When a heart issue arises, every minute — and mile — counts. Fortunately, local residents don’t have to travel far to get expert cardiac care. Columbus Regional Hospital is the only hospital in southeastern Indiana that offers comprehensive heart care 24 hours a day, seven days a week.
In addition, CRH’s door-to-balloon time is 53 minutes. This is the length of time that passes starting when heart attack patients arrive at the hospital until they undergo balloon procedures in a cardiac catheterization laboratory to restore blood flow to the heart. That’s well below guidelines from the American College of Cardiology and the American Heart Association that recommend hospitals achieve a door-to-balloon time of 90 minutes or less.
“We work closely with emergency medical service personnel in the field and staff in the CRH emergency room and cardiac cath lab to improve all of the processes involved in caring for patients who suffer a heart attack because prompt care is vital,” says Jo Anne Castor, RN, manager of the Cardiac Catheterization Laboratory at Columbus Regional Health.
Columbus Regional Health began offering open heart surgery 15 years ago. Today, the hospital offers a full range of cardiac services, including: heart surgery, cardiac intensive care, cardiac catheterization, electrophysiology studies, vascular disease services and comprehensive cardiac rehabilitation.
That means patients who need cardiac procedures, such as bypass surgery, angioplasty and stenting, defibrillators or pacemakers, can get that care right here in the community.
The hospital is a recognized as a leader in cardiac care because of the level of care it provides. Columbus Regional Health was the first hospital in the state to have an all-digital cardiac catheterization laboratory. The hospital also has earned accreditation as a Chest Pain Center with Primary PCI and Resuscitation and a Heart Failure Center.
Columbus Regional Health is affiliated with Indiana University Health Cardiovascular and has a partnership with Southern Indiana Surgery, giving our patients access to top heart and vascular specialists in the state.
The health system also partners with hospitals in the area that don’t offer advanced cardiac services to streamline the transport of patients to Columbus Regional where they can get the life-saving services they need as quickly as possible.
“Heart disease is the leading killer of men and women in the United States,” Castor says. “Our staff is dedicated to providing care as quickly as possible because we know that we can save lives.”
Thanks, in part, to the hospital’s door-to-balloon time, Columbus Regional Health saved the lives of 163 heart attack patients in 2016. Learn more about our heart services at the Heart and Vascular Center web page.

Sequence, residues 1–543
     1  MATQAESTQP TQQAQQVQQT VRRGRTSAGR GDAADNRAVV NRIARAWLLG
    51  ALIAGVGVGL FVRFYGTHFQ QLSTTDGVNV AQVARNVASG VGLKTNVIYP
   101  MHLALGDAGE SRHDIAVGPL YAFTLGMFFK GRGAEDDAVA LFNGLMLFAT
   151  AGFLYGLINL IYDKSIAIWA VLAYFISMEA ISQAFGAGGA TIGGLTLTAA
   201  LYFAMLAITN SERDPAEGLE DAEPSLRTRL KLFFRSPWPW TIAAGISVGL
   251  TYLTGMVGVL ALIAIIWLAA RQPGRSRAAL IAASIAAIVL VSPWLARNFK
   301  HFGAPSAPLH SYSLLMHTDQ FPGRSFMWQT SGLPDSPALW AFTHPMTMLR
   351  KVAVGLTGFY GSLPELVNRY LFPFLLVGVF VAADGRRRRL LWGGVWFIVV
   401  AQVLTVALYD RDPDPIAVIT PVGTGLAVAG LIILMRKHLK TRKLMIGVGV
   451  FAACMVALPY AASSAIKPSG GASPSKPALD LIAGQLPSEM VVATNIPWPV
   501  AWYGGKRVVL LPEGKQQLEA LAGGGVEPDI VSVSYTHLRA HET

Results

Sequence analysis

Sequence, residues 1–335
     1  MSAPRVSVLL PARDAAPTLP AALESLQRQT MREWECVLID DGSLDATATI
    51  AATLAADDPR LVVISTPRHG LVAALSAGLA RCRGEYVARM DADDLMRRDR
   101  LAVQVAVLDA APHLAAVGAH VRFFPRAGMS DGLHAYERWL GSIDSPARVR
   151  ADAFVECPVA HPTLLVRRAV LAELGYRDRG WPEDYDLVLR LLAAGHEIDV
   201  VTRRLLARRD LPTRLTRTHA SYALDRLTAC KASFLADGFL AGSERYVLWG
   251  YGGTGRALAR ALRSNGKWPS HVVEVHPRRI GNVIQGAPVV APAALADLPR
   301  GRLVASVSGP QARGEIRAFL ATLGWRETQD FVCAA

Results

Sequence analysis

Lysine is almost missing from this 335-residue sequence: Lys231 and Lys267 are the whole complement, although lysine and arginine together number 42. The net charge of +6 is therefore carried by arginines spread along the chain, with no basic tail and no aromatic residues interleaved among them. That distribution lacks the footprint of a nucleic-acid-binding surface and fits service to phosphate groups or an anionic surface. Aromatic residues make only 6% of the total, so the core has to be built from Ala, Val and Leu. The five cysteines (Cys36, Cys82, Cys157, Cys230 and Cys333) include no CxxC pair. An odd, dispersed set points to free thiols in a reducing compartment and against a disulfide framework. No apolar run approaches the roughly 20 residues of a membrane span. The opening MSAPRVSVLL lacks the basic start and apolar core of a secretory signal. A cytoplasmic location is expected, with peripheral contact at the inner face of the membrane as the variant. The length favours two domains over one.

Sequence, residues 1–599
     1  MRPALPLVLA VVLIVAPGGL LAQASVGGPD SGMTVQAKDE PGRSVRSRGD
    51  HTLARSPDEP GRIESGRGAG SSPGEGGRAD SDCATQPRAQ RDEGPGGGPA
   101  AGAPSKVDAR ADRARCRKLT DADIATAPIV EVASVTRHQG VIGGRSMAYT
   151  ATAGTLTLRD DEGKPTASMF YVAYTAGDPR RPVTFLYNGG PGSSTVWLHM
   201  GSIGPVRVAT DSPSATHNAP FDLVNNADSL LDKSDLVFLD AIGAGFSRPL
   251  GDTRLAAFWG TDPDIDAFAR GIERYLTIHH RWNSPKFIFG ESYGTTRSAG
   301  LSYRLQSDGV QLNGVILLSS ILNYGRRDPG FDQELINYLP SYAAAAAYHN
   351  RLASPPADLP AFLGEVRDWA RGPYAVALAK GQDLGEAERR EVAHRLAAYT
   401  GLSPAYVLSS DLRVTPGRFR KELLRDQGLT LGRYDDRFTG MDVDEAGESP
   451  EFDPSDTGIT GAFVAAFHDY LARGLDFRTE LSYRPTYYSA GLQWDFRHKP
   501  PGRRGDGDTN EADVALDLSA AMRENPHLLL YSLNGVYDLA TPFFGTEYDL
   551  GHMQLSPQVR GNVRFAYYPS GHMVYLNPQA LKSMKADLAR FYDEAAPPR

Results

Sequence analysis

Heart Healthy Habits
From the American Heart Association
No matter what your age, everyone can benefit from a healthy diet and adequate physical activity.
Choose a healthy eating plan. The food you eat can decrease your risk of heart disease and stroke.
Choose foods low in saturated fat, trans fat, and sodium. As part of a healthy diet, eat plenty of fruits and vegetables, fiber-rich whole grains, fish (preferably oily fish-at least twice per week), nuts, legumes and seeds and try eating some meals without meat. Select lower fat dairy products and poultry (skinless). Limit sugar-sweetened beverages and red meat. If you choose to eat meat, select the leanest cuts available.
Be physically active. You can slowly work up to at least 2½ hours (150 minutes) of moderate-intensity aerobic physical activity (e.g., brisk walking) every week or 1 hour and 15 minutes (75 minutes) of vigorous intensity aerobic physical activity (e.g., jogging, running) or a combination of both every week. Learn the American Heart Association's Guidelines for Physical Activity in Adults and in Kids.
Additionally, on two or more days a week you need muscle-strengthening activities that work all major muscle groups (legs, hips, back, abdomen, chest shoulders, and arms). Children should get at least 60 minutes of activity every day.
It's never too early or too late to learn the warning signs of a heart attack and stroke. Not everyone experiences sudden numbness with a stroke or severe chest pain with a heart attack. And heart attack symptoms in women can be different than men.
Screenings Save Lives
You are your best advocate for care and when healthy habits may not be enough, the more proactive you are, the better chance at a favorable outcome. That's where screenings come in. The thought of a screening procedure may seem daunting or scary to some, but a simple, non-invasive procedure, like at CT scan could be the first step in preventing an emergency and saving a life. Learn more about our low-cost heart scan program.